Kofi Annan's arrogance
By Henry Lamb
web posted March 17, 2003
On television screens around the world, Kofi Annan said: "The
members of the Security Council now face a great choice. If they
fail to agree on a common position, and action is taken without
the authority of the Security Council, the legitimacy and support
of any such action will be seriously impaired."
Mr. Annan, you're dead wrong.
Military action by the United States is legitimized by the U.S.
Congress, not by the U.N. Security Council. On October 16,
2002, Congressional Resolution 114 became Public Law 107-
243, which authorized the President of the United States to:
"...use the Armed Forces of the United States as he determines
to be necessary and appropriate in order to defend the national
security of the United States against the continuing threat posed
Not another word is needed.
It is the U.N.'s 12-year failure to enforce 17 of its own
resolutions that has allowed Iraq to become a serious threat to
the United States. Now that Iraq is a threat which the U.S. must
remove, Kofi Annan has the audacity to condemn the actions as
"illegitimate." This pronouncement by Kofi Annan will make any
action taken by the U.S., subject to the war crimes provisions of
the International Criminal Court, in the eyes of the United
Had the U.N. pushers had their way in recent years, the U.S.
would be powerless against the U.N.'s so-called global
governance. In 1961, State Department
Publication 7277 promoted the U.N.'s proposal to disarm
all national militaries and create instead, a global standing army
under the U.N.'s command.
In 1995, the Commission on Global Governance renewed this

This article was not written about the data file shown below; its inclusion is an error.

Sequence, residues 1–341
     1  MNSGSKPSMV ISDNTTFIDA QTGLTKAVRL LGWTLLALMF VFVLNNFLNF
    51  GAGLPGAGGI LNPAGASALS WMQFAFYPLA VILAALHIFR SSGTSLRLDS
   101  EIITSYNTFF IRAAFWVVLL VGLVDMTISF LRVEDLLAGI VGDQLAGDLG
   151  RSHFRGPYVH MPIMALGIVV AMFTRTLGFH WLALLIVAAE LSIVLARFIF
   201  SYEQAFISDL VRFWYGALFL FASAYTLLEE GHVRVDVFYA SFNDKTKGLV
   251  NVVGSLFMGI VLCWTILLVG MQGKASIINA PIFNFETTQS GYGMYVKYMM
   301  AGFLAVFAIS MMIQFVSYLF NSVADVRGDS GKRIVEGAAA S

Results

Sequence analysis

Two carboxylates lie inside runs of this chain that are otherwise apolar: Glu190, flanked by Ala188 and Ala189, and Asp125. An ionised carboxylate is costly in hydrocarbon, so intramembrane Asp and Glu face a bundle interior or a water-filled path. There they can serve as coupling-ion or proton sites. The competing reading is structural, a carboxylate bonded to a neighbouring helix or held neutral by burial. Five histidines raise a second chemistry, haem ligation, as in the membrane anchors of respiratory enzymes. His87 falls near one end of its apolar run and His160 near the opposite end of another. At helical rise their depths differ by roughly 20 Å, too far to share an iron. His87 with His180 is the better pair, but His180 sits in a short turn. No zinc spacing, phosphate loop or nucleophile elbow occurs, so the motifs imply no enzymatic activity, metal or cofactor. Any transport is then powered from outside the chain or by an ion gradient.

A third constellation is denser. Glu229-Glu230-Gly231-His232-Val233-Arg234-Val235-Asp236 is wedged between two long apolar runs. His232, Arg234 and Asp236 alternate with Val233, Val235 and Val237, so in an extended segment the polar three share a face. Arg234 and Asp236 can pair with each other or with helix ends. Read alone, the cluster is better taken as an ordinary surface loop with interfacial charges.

proposal, saying "What is needed is demilitarization of
international society," and "A United Nations Volunteer Force
should be formed and be available for rapid deployment under
the authority of the Security Council."
U.N. pushers have long craved a global
tax, to provide independent funding for its operations, to be
free from the shackles of member's contributions. The Tobin Tax was actually
introduced in the U.S. Congress, and is supported by many main-stream
organizations. If the U.N. had this taxing authority, it could
afford the standing army it desires.
Had the United States ratified the Kyoto Protocol when it was
first proposed in 1997, the bureaucracy would be just about
strong enough by now, to have a measure of control over the
fossil fuel that could be imported by the U.S.
Had the United States ratified the International Criminal Court,
military action outside the U.N. would, in fact, subject the U.S.
to "war crimes" as defined by the same countries that condemn
as illegitimate our right to self defense.
Fortunately, our leaders have rejected the urging of the U.N.
pushers, and the United States is still a sovereign nation. It is
now extremely clear that the U.N.'s goal is to amass power
superior to the sovereignty of all nations. Kofi Annan's remarks
indicate that he believes the U.N. has that power, if not in fact,
by virtue of public support.
Once again, Congressman Ron Paul has introduced HR1146,
Sovereignty Restoration Act of 2003. This bill will withdraw
the United States from the United Nations.
In view of the fiasco at the U.N. in recent weeks, every
American should realize that further participation in the United
Nations is not just a waste of time and money, it is a threat to the
sovereignty of our nation. Congress should take a long, hard
look at what we get for our
U.N. investment, and find better ways to spend hard-
earned tax dollars.
Kofi Annan is dead wrong in his condemnation of U.S. action
against Iraq. France, Russia, China, and many other countries,
would like nothing better than to contain and control the United
States. They have no hope of doing it alone, and see the U.N. as
their best hope of putting a halter on this nation.
Should they succeed in forcing the United States to submit to the
authority of the U.N., the beacon of freedom in the world would
be extinguished in a spiral of increasing oppression, from which it
may take centuries to escape.
Now is the time to say goodbye to the U.N. - and good
Henry Lamb is the executive vice president of the Environmental
Conservation Organization, and chairman of Sovereignty
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